Book Review · Books

Words In Deep Blue

The cover called my name. Blue is one of my favorite colors. The cover is downright book gorgeous. I just had to buy it.

Words In Deep Blue is about used to be best friends Rachel and Henry. Rachel comes back to her home town to distract herself though she doesn’t want to deal with Henry after he didn’t respond to her goodbye letter she left him after she moved away with her family three years prior. Henry is a nerd who lives at his family’s used bookstore that has living quarters above the store. Henry has always loved Amy. Rachel used to love Henry, but Amy always kept coming back in the picture distracting Henry. She learned to get over him after she moved, but having moved back to stay with her aunt, Rachel realizes Henry still has his charm minus the problem of shallow Amy. Rachel gets a job at Henry’s family bookstore for the summer. Will Henry and Rachel get along working together? Can they mend their friendship?

Henry’s dad asks Rachel to catalogue the letter library. This section of the store is where people can leave their favorite books. These books other patrons can highlight favorite passages or leave letters for others inside their favorite books. This is a tedious process. Reading the letters left behind Rachel realizes different romances have blossomed and some people don’t realize who their admirers are.

This novel is sweet. It makes me miss working at a used bookstore. Bookworms are a unique bunch to work with and have as customers. We are quirky and march to the beat of our own drum. Used bookstores aren’t necessarily cash cows as a means to get rich, but the quality of connection between patrons and workers is priceless. Being around the mildew smell of old books is a perfume all on its own. There’s a peacefulness like walking into a church when a bookworm walks into a bookstore.  If you love books, bookstores, reading and friendship with a potential for romance then I highly recommend this savory read.

Book Review · Books

The You I’ve Never Known

Ellen Hopkins never disappoints and The You I’ve Never Known   is her best yet. This thick tome follows the story of Ariel and her journey coming to terms with her sexuality. Her father is a mechanic who has quite the temper and paranoia of them living anywhere for, too long of a time. Ariel wonders why they don’t stay in any place very long. That is until they land in Sonora, CA.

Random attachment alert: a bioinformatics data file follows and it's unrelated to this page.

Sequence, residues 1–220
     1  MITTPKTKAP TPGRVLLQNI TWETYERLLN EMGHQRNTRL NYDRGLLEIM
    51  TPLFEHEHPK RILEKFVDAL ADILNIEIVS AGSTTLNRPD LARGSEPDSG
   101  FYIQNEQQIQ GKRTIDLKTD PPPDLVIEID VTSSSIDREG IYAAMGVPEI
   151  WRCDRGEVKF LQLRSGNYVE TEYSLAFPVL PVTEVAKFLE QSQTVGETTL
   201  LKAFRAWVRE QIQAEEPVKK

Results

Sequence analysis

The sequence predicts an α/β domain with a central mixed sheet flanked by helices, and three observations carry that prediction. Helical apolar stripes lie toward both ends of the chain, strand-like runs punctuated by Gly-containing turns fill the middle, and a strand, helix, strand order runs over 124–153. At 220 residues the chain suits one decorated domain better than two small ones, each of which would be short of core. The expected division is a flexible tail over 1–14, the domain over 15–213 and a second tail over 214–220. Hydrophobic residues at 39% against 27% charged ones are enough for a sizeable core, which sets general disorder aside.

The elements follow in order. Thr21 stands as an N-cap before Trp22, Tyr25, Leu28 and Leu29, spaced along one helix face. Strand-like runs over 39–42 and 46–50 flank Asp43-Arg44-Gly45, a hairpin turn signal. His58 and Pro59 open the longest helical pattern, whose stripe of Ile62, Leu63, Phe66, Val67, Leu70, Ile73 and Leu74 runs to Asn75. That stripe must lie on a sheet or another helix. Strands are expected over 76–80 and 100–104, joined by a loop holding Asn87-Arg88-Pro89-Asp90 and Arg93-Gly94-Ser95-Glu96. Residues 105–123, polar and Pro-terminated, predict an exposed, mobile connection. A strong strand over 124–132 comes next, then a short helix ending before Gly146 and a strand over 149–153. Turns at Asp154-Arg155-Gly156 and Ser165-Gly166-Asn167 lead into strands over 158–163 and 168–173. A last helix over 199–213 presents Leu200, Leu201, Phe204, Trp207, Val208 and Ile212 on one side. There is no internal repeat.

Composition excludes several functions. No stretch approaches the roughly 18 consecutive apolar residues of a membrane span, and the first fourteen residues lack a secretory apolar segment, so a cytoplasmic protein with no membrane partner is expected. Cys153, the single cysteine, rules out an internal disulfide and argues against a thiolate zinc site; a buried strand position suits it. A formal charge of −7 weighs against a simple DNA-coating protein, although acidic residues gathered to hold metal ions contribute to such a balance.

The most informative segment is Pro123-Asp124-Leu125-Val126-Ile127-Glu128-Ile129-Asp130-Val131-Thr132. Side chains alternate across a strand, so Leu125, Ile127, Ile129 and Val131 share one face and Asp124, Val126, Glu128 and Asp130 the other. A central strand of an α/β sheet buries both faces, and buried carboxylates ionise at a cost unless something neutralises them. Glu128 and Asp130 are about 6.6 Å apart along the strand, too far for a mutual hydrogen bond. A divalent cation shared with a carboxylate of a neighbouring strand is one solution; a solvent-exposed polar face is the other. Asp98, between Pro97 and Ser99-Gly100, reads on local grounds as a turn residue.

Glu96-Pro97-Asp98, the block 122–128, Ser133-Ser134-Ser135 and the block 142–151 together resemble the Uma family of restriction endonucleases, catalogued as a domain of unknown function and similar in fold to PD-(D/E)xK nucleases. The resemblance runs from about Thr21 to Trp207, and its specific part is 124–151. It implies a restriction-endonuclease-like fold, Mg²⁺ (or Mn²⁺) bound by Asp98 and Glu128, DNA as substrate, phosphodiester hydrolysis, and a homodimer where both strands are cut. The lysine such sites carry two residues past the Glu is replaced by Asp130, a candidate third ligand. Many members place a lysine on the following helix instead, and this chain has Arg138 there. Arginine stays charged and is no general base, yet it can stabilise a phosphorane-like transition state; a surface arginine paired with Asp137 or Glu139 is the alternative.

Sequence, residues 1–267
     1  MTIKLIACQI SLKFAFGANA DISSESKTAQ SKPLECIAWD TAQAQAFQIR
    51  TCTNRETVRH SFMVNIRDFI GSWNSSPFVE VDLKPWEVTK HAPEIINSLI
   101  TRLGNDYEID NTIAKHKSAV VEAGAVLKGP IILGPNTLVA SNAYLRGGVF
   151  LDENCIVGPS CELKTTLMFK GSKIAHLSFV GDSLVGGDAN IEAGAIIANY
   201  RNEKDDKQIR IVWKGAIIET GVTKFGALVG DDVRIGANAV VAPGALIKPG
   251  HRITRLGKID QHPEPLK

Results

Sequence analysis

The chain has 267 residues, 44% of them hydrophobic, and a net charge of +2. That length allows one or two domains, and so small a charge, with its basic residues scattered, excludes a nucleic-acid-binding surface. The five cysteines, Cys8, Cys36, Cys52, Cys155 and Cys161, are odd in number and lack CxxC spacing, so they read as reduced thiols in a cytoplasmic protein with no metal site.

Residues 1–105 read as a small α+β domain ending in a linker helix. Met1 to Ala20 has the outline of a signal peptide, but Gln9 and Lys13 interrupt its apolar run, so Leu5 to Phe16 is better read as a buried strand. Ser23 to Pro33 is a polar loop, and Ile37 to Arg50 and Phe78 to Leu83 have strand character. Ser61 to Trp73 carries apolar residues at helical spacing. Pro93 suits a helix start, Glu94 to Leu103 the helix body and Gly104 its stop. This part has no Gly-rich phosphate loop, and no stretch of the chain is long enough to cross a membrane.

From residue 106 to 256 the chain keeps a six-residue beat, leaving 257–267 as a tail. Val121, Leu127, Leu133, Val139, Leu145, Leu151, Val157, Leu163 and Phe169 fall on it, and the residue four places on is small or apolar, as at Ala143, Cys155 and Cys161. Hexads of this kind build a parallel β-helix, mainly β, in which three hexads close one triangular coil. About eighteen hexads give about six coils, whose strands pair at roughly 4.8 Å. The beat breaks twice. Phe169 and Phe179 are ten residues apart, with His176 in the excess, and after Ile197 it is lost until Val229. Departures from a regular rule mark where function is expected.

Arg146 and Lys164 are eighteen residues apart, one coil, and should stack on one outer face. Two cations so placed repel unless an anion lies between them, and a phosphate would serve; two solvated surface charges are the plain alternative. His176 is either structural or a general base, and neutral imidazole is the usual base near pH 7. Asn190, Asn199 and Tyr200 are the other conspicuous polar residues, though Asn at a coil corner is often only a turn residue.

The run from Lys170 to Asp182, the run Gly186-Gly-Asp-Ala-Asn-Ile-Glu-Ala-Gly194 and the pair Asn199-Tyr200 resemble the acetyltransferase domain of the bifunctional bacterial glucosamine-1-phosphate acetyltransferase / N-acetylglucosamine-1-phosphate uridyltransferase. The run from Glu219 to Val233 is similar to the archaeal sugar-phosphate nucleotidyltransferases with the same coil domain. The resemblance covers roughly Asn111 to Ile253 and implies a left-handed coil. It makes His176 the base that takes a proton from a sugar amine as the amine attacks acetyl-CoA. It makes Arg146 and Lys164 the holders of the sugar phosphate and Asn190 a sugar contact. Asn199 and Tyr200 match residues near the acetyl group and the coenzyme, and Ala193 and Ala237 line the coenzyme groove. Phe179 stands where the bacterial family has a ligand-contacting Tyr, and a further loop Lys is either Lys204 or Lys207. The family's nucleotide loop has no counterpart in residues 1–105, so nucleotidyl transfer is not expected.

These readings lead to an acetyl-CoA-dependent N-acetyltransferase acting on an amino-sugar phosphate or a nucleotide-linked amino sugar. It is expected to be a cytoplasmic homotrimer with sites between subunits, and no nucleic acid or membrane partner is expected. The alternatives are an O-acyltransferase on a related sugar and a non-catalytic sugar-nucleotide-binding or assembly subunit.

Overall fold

With her new home comes making new friends with Monica and Gabe. Ariel has never had a boyfriend before and she’s not sure if she just might like girls. Monica is a closet lesbian and Gabe is the cute nephew of her dad’s current girlfriend. Ariel is leery to open herself to having friends since her dad always would yank her away to live in a new place.

When Gabe and Ariel discover one of Ariel’s rich classmates injured in a horseback ridding incident Ariel is in the lime light for saving her classmate’s life. Her dad is livid because the media is involved and that was one of his big rules. Don’t talk to or be seen by cops and don’t be interviewed. Why not Ariel has no clue why he’s so paranoid.

Growing up Ariel’s dad told her how her mom abandoned them to run off with her lesbian lover. Seeds of hate and distrust have been sown since Ariel was little. Sure she’d love to have a mother figure in her life. Every time they live with a new girlfriend of her dads a part of Ariel hopes this one will stick, but they never stay around long enough.

Will Ariel ever have a mother figure in her life? Will her mom ever reappear? Why has her dad kept them moving from place to place for her whole life? Can Ariel start to establish roots in Sonora? Read this gripping book and find out.